Cover image for Because of Winn-Dixie
Title:
Because of Winn-Dixie
Author:
DiCamillo, Kate.
Personal Author:
Edition:
First edition.
Publication Information:
Cambridge, Mass. : Candlewick Press, [2000]

©2000
Physical Description:
[182] pages ; 19 cm
Summary:
Ten-year-old India Opal Buloni describes her first summer in the town of Naomi, Florida, and all the good things that happen to her because of her big ugly dog Winn-Dixie.
General Note:
Paging may vary slightly.
Language:
English
Reading Level:
610 Lexile.
Program Information:
Accelerated Reader AR MG 3.9 3.0 39557.

Reading Counts RC 3-5 4.1 7 Quiz: 21620 Guided reading level: R.
ISBN:
9780763607760

9780763616052

9780763650070

9780763625580

9780763680862

9780763644321
UPC:
732483006056
Format :
Book

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On Order

Summary

Summary

An unforgettable first novel about coming of age one sweet summer--and learning to love what you have.

The summer Opal and her father, the preacher, move to Naomi, Florida, Opal goes into the Winn-Dixie supermarket--and comes out with a dog. A big, ugly, suffering dog with a sterling sense of humor. A dog she dubs Winn-Dixie. Because of Winn-Dixie, the preacher tells Opal ten things about her absent mother, one for each year Opal has been alive. Winn-Dixie is better at making friends than anyone Opal has ever known, and together they meet the local librarian, Miss Franny Block, who once fought off a bear with a copy of WAR AND PEACE. They meet Gloria Dump, who is nearly blind but sees with her heart, and Otis, an ex-con who sets the animals in his pet shop loose after hours, then lulls them with his guitar.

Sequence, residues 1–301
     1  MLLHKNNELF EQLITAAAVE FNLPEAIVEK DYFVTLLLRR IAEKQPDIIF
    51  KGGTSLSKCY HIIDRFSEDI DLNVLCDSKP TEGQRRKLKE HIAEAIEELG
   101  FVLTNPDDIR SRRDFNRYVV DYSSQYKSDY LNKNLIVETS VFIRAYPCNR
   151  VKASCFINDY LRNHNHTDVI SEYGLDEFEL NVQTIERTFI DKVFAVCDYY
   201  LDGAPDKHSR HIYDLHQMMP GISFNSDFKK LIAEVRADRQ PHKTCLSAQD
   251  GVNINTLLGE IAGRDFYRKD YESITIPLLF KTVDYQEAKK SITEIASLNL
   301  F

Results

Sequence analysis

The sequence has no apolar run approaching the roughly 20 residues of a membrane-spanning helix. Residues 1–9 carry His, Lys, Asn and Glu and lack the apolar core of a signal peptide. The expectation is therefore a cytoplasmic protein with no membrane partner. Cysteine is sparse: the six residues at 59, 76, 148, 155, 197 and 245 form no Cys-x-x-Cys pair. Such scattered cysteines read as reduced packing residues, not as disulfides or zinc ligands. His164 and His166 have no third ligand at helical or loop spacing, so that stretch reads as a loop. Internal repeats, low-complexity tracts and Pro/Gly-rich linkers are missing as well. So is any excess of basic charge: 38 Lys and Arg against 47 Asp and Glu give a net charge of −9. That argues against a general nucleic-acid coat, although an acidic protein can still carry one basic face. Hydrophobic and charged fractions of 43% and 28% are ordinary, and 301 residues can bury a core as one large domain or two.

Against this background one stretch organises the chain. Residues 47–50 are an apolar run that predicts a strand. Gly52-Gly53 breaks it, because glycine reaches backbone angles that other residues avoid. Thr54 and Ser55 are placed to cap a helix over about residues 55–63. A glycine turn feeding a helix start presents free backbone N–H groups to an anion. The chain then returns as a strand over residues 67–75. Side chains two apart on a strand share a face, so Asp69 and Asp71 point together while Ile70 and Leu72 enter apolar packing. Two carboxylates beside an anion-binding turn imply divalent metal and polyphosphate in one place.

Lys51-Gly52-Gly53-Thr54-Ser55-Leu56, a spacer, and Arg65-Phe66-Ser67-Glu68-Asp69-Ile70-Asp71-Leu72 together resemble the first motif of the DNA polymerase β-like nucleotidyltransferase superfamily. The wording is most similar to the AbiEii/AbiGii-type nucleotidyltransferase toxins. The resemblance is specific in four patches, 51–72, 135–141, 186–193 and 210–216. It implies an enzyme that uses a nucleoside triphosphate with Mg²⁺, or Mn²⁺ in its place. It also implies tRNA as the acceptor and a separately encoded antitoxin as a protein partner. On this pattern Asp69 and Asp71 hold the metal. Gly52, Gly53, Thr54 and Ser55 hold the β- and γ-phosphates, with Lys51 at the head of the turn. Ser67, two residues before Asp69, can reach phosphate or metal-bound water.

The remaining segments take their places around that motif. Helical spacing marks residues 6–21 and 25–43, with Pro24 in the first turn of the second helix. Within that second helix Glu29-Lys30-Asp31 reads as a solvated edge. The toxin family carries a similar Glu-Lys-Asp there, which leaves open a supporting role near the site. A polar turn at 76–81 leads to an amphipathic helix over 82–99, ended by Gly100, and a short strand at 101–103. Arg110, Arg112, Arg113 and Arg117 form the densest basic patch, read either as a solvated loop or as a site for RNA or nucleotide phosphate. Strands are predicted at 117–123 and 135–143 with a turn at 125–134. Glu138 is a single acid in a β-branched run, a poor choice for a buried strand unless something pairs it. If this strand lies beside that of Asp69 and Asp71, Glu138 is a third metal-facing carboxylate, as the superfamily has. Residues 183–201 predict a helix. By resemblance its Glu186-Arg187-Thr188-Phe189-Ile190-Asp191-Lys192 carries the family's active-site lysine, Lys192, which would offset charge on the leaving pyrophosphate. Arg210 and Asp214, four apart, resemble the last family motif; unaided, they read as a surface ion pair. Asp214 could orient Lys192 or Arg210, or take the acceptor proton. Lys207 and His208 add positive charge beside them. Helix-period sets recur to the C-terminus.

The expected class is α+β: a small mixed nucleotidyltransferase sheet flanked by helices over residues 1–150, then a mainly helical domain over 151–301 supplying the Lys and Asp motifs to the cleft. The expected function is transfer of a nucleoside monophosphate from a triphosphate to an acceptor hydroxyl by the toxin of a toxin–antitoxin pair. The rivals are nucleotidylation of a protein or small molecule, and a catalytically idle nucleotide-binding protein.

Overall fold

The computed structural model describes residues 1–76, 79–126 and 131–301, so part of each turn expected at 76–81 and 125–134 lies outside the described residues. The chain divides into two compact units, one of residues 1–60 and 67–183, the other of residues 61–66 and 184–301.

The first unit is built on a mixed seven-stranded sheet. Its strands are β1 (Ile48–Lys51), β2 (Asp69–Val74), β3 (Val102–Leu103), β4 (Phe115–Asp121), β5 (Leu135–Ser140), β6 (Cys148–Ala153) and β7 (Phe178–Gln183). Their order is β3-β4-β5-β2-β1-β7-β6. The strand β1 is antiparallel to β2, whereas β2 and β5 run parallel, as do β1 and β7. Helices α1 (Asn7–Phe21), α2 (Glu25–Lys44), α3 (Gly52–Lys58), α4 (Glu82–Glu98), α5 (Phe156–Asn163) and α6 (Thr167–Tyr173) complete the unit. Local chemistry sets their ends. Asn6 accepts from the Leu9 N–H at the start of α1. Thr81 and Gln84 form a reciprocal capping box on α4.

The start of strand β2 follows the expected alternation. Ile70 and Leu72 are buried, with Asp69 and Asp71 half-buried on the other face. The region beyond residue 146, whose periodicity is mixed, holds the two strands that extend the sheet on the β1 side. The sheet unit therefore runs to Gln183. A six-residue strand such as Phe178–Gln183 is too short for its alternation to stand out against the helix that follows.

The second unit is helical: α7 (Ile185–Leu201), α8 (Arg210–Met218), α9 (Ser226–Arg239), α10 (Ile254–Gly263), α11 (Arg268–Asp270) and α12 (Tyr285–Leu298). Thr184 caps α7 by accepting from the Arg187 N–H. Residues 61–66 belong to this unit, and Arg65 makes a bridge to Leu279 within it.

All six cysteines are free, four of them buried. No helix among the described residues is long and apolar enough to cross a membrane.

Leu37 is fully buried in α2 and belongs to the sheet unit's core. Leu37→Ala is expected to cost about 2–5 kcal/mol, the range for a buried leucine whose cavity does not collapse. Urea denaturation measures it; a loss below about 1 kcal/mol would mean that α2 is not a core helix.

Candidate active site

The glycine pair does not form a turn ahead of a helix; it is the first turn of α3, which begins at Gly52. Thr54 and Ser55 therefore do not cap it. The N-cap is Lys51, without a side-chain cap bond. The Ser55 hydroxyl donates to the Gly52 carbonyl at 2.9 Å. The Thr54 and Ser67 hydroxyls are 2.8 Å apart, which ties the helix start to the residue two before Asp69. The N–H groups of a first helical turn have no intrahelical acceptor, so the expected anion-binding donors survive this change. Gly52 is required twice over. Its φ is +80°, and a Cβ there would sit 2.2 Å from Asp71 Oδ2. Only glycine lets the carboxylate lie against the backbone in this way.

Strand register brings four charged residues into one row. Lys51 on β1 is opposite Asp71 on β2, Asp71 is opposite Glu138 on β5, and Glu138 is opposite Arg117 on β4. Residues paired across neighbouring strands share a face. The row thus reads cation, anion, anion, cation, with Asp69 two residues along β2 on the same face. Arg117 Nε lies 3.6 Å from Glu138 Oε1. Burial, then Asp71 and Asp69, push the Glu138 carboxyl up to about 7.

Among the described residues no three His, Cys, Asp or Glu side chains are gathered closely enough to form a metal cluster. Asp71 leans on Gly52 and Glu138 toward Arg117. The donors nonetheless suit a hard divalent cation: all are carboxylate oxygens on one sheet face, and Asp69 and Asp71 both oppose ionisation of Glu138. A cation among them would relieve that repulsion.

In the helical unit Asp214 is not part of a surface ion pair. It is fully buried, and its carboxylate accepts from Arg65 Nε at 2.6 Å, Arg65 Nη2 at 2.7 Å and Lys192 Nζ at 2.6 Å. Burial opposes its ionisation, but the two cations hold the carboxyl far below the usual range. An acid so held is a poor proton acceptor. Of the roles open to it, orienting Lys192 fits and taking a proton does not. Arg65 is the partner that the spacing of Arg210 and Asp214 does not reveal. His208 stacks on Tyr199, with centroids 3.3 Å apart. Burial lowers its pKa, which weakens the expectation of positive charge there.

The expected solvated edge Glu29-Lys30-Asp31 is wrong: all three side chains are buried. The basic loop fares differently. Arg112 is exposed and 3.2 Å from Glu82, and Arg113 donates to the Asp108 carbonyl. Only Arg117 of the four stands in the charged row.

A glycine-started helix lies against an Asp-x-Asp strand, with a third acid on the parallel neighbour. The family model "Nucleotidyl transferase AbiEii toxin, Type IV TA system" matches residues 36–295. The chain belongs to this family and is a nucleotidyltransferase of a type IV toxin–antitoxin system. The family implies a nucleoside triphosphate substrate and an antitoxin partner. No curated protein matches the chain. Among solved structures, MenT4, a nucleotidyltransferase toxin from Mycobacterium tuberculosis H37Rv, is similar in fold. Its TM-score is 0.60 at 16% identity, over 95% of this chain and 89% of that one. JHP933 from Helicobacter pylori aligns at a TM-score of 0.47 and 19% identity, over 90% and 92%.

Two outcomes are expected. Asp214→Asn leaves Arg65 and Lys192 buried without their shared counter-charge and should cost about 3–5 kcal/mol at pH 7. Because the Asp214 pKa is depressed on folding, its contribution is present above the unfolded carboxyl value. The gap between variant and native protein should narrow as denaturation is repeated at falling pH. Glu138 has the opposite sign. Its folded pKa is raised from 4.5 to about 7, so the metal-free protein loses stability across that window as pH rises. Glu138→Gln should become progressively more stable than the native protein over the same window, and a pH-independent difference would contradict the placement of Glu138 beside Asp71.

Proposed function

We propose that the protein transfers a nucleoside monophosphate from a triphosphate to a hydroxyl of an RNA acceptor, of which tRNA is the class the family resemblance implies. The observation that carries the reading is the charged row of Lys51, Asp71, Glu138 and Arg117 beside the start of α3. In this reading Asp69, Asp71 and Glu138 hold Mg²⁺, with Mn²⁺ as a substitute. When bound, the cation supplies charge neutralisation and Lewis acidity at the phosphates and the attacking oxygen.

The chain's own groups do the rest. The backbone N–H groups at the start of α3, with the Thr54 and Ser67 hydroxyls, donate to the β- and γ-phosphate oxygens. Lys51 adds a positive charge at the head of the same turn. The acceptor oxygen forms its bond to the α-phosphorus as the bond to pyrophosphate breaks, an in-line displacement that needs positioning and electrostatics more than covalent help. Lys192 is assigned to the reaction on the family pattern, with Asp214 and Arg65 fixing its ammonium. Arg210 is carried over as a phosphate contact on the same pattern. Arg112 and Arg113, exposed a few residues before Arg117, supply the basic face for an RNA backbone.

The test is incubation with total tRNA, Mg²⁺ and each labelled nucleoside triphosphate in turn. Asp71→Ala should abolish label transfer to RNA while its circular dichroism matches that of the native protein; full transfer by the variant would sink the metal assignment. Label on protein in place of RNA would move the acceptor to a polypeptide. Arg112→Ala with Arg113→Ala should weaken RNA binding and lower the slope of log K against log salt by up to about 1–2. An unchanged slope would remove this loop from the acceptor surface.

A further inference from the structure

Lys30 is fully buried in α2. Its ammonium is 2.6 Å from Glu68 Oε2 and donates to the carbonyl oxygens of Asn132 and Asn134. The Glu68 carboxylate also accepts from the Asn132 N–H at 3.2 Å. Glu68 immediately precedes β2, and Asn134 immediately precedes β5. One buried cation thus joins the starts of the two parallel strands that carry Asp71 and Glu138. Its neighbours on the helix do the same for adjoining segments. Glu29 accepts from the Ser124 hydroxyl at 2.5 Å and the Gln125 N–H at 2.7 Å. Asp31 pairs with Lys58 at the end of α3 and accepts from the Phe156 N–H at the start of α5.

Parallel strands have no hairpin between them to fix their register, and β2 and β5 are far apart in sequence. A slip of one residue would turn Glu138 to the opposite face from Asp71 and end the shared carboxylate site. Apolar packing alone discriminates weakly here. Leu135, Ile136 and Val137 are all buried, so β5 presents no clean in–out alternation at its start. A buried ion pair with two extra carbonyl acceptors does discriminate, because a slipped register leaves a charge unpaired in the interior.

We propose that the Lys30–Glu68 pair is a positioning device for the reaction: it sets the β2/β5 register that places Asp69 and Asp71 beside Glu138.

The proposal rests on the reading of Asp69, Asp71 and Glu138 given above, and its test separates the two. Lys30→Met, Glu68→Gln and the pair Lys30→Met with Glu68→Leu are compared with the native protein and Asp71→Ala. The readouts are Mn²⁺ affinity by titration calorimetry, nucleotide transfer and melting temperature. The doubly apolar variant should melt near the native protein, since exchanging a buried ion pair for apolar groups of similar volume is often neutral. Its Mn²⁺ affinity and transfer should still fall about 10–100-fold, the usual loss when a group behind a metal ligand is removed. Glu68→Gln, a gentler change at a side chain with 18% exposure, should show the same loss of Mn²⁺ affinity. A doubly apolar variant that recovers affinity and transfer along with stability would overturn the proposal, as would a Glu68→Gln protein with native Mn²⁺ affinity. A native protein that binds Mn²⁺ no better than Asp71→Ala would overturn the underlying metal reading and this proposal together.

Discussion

Opal spends all that sweet summer collecting stories about her new friends and thinking about her mother. But because of Winn-Dixie or perhaps because she has grown, Opal learns to let go, just a little, and that friendship--and forgiveness--can sneak up on you like a sudden summer storm.

Recalling the fiction of Harper Lee and Carson McCullers, here is a funny, poignant, and utterly genuine first novel from a major new talent.


Author Notes